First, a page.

This preview shows page 1. Sign up to view the full content.
Unformatted text preview: Aims
11s1: COMP9417 Machine Learning and Data Mining Fundamentals of Concept Learning This lecture aims to develop your understanding of representing and
searching hypothesis spaces for concept learning. Following it you should
be able to:
• deﬁne a representation for concepts March 1, 2011 • deﬁne a hypothesis space in terms of generality ordering on concepts
• describe an algorithm to search a hypothesis space
• express the framework of version spaces Acknowledgement: Material derived from slides for the book
Machine Learning, Tom Mitchell, McGrawHill, 1997
http://www2.cs.cmu.edu/~tom/mlbook.html • describe an algorithm to search a hypothesis space using the framework
of version spaces
• explain the role of inductive bias in concept learning
COMP9417: March 1, 2011 Overview Fundamentals of Concept Learning: Slide 1 Training Examples for EnjoySport Concept Learning inferring a Booleanvalued function from training
examples of its input and output.
• Learning from examples Sky
Sunny
Sunny
Rainy
Sunny Temp
Warm
Warm
Cold
Warm Humid
Normal
High
High
High Wind
Strong
Strong
Strong
Strong Water
Warm
Warm
Warm
Cool Forecst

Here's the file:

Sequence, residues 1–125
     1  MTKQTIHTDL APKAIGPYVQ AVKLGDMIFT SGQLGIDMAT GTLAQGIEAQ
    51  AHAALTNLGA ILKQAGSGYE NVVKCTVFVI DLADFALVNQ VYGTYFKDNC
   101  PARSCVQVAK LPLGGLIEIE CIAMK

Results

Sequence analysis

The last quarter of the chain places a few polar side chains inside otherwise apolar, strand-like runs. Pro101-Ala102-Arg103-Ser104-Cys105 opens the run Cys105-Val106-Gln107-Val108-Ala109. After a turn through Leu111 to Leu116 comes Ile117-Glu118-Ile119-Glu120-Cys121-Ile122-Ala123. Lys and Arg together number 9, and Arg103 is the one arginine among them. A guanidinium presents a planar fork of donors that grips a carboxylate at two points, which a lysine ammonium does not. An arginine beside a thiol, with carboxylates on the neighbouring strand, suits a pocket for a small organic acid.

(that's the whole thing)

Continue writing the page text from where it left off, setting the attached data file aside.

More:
Same
Same
Change
Change EnjoySpt
Yes
Yes
No
Yes • Generaltospeciﬁc ordering over hypotheses
• Version spaces and candidate elimination algorithm What is the general concept? • Picking new examples
• The need for inductive bias
Note: simple approach assuming no noise, illustrates key concepts COMP9417: March 1, 2011 Fundamentals of Concept Learning: Slide 2 COMP9417: March 1, 2011 Fundamentals of Concept Learning: Slide 3 Representing Hypotheses The Prototypical Concept Learning Task Many possible representations . . . • Given: Here, h is a conjunction of constraints on attributes. – Instances X : Possible days, each described by the attributes Each constraint can be: Attribute
Sky
AirTemp
Humid
Wind
Water
Forecast • a speciﬁc value (e.g., W ater = W arm)
• don’t care (e.g., “W ater =?”)
• no value allowed (e.g.,“Water=∅”) Values
Sunny, Cloudy, Rainy
Warm, Cold
Normal, High
Strong, Weak
Warm, Cool
Same, Change For example,
Sky
Sunny AirTemp
? COMP9417: March 1, 2011 Humid
? Wind
Strong Water
? Forecst
Same Fundamentals of Concept Learning: Slide 4 COMP9417: March 1, 2011 Fundamentals of Concept Learning: Slide 5 The inductive learning hypothesis The Prototypical Concept Learning Task – Target function c: EnjoySport : X → {0, 1}